You are the salt of the earth (Matthew 5.3)
Let your light so shine before men, that they may see your good works, and glorify your Father which is in heaven (Matthew 5.16)
Looking back on his many years working in hospitals, our Chaplain recalled how just one patient could life the mood of a ward or, alternatively, sour it. This did not appear to be related to the severity of the patient’s medical condition.
I too have been struck by the effect of contentment or discontent. As a young ‘Meals-on-Wheels’ volunteer in Croydon I had to deliver hot (although by present standards not exactly appetising) meals to the elderly and housebound. The atmosphere in one house or, more often, small flat, was frequently in complete contrast to the next one visited. All those elderly people had known hardship and probably loss, having survived wartime conditions, yet one would greet me with pleasure, cheerfulness and gratitude, while another would find in my appearance a pretext to grumble at everything. Who can guess what experiences lay behind their obvious discontent? It was clearly not dependant on their physical condition. This memory has served as a warning!
Is this another case of optimism and pessimism (see last week’s blog), personality or family legacy? A hidden worm, eating away at the personality over many years? Perhaps. In some ways a sense of injustice may generate hopelessness that is as hard to bear as chronic disease.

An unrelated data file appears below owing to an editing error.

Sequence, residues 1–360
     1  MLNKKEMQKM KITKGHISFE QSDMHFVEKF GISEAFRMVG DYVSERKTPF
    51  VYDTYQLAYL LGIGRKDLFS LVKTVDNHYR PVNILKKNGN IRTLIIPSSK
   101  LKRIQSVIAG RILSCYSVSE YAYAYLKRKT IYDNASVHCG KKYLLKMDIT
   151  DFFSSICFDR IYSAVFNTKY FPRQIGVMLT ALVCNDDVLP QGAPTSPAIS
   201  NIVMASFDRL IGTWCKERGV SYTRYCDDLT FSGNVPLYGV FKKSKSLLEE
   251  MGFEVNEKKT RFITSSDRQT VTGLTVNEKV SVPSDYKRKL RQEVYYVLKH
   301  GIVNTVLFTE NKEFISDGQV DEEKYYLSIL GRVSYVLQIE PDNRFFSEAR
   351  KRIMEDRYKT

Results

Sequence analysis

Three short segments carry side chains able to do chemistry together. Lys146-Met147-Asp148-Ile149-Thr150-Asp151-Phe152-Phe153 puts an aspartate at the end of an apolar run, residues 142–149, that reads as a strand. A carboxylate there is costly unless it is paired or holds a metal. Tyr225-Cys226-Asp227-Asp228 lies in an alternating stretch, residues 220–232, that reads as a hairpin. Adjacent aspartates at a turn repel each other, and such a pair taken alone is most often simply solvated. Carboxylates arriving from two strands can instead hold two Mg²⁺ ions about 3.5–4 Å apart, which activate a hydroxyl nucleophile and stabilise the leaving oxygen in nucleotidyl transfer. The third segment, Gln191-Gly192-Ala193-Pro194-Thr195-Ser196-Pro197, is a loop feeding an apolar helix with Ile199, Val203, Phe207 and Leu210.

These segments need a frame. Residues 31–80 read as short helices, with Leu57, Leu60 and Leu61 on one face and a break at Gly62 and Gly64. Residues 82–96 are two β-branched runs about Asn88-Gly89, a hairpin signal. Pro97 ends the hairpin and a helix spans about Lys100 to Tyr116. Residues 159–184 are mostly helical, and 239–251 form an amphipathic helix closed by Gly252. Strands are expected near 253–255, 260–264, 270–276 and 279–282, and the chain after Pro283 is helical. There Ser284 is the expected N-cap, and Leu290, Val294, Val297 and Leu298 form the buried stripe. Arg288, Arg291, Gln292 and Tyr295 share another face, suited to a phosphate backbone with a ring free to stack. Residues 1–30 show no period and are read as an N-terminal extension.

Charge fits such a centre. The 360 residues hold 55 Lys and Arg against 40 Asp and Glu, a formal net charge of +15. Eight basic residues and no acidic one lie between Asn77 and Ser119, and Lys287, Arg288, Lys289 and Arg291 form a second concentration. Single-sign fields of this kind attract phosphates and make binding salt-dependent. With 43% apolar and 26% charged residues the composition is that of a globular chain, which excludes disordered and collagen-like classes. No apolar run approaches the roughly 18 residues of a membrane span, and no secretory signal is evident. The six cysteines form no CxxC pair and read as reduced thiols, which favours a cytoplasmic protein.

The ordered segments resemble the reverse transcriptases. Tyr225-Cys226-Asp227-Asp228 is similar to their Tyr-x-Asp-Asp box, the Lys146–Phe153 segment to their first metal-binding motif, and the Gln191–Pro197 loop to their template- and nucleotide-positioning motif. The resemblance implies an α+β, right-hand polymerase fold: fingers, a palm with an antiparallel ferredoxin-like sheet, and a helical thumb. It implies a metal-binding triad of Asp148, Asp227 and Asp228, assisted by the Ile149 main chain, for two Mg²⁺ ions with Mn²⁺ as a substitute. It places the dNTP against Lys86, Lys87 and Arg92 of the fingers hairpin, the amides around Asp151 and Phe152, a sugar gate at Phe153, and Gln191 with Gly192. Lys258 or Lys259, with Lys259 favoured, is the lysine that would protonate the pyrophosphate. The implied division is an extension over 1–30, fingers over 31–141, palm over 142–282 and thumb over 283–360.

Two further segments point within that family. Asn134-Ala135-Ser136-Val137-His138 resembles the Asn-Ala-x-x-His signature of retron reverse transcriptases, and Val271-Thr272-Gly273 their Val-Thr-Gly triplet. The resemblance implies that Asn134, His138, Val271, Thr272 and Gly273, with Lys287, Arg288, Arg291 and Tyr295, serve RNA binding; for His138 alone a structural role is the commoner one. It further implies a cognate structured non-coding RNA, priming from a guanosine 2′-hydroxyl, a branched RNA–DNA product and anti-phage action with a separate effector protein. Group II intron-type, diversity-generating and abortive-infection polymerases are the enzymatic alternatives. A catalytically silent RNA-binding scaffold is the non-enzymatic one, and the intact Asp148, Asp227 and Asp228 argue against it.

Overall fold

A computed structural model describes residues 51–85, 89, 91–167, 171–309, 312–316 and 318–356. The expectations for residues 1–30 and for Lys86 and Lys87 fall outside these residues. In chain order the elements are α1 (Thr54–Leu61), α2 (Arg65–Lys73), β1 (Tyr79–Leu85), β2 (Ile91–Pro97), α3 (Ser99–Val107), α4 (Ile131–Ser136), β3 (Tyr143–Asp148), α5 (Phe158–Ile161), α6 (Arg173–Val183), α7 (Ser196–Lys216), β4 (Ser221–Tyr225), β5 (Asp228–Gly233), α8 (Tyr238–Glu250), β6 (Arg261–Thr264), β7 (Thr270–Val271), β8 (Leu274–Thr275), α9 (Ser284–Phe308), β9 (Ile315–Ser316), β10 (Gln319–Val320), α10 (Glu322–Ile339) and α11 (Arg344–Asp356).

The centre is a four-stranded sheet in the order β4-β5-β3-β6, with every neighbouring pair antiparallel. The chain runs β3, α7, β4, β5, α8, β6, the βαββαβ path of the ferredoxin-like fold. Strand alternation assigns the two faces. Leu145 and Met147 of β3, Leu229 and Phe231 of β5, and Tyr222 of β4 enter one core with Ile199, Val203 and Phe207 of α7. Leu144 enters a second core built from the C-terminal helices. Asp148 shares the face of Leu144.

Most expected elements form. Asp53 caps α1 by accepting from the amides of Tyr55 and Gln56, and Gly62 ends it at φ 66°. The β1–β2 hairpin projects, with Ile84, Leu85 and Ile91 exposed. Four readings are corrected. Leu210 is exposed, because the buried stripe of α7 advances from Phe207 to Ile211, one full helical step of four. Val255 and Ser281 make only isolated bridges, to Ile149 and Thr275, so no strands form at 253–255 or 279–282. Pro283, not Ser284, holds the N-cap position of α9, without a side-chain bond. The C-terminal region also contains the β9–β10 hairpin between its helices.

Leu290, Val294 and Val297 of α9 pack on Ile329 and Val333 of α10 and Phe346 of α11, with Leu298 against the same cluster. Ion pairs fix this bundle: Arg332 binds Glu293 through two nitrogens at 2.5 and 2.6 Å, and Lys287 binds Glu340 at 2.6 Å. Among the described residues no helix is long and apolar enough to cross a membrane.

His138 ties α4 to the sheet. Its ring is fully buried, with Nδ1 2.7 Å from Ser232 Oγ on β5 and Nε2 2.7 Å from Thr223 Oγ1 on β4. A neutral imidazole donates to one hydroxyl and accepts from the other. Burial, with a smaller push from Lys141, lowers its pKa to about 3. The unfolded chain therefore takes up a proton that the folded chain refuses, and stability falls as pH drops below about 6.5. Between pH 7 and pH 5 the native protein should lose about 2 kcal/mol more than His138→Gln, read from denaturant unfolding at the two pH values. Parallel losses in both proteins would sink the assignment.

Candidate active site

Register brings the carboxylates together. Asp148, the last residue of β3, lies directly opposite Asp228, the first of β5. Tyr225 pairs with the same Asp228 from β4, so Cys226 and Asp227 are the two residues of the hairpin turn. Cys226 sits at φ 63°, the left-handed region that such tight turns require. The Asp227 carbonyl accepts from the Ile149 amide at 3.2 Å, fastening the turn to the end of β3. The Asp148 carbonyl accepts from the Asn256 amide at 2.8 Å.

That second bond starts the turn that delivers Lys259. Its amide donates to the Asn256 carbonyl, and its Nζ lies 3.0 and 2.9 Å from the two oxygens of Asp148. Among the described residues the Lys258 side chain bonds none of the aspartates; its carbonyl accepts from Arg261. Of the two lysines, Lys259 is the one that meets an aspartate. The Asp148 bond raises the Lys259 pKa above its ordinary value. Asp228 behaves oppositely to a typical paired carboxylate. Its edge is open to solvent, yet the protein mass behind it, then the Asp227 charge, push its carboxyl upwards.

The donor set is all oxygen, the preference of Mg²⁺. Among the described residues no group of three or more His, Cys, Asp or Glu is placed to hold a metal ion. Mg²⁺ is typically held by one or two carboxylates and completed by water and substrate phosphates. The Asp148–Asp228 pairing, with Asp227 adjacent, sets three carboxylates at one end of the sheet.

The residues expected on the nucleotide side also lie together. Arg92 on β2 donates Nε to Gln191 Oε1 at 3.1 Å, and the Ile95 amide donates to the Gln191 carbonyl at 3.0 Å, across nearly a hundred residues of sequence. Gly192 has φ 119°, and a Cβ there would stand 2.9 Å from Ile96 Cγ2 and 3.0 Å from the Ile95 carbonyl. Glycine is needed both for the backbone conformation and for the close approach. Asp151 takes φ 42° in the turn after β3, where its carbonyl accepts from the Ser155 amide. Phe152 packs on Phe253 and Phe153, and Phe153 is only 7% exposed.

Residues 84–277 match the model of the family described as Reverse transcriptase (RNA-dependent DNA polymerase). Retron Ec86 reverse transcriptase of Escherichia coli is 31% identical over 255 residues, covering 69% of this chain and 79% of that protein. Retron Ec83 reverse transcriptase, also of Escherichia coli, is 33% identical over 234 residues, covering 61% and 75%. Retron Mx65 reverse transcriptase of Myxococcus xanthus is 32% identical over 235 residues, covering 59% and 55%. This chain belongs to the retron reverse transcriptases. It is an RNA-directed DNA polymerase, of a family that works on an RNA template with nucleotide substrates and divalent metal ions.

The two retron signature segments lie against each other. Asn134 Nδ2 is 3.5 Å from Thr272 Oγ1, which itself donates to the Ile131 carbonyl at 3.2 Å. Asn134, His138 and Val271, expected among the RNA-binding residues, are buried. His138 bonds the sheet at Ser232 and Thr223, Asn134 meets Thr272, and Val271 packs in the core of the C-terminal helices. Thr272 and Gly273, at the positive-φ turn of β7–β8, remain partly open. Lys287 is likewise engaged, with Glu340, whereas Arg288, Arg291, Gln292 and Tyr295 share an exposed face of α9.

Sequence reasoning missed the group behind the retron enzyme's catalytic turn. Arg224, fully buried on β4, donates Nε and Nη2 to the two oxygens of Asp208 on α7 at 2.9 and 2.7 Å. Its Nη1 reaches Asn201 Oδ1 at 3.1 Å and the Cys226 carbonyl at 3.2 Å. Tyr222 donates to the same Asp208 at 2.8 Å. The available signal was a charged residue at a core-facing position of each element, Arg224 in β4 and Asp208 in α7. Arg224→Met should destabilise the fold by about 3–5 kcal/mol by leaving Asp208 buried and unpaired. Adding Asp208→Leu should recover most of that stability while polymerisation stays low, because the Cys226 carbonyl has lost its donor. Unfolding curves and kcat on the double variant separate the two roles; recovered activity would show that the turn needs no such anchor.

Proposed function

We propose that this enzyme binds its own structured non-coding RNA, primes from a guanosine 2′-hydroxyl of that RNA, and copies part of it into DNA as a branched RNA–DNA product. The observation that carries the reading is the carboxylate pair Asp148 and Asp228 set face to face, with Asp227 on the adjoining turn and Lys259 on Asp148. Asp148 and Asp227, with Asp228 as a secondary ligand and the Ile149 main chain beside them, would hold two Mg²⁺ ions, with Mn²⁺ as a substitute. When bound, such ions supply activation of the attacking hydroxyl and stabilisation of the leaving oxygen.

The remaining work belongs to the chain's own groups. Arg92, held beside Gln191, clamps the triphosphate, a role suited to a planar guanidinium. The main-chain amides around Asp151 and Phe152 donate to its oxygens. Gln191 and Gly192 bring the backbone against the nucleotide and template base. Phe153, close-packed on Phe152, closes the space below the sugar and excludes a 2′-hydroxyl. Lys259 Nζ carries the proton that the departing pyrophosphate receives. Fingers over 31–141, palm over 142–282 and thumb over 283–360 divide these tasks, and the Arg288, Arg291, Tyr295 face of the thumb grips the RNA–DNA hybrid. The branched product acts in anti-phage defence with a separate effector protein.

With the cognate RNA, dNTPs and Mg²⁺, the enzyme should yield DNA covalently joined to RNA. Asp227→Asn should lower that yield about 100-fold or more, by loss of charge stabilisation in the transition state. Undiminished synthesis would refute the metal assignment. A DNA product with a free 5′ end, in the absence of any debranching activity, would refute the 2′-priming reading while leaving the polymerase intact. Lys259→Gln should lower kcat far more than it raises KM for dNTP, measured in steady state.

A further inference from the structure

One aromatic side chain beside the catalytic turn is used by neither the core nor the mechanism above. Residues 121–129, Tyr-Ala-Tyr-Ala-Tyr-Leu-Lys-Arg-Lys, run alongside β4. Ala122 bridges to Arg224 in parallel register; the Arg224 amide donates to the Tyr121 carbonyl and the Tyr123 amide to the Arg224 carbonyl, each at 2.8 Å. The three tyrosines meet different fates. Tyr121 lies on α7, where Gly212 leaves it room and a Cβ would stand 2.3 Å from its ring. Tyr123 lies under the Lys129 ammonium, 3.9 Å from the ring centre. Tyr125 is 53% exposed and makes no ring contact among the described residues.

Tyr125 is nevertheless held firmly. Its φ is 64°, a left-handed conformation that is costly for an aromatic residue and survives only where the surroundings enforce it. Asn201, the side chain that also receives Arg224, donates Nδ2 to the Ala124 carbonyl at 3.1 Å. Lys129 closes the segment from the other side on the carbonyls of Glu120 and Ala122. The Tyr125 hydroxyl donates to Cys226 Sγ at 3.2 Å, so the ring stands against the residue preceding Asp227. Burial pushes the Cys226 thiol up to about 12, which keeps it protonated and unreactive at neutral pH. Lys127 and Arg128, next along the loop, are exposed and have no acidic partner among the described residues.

Last week’s Gospel reading told of abundant hope, of God’s mercy, infinite grace and love, as revealed in the ‘sign’ of the turning of the water into wine. It was not just ‘enough’ for the feast but more than enough. The ‘good works’ of the followers of Jesus are, after all, also the grateful overflowing of his love into the lives of others. The effect on us of those whose lives are beacons of humility, contentment and joy testify to this.
The Chaplain’s visit to us on a rather gloomy February evening was, in fact, an illustration in itself.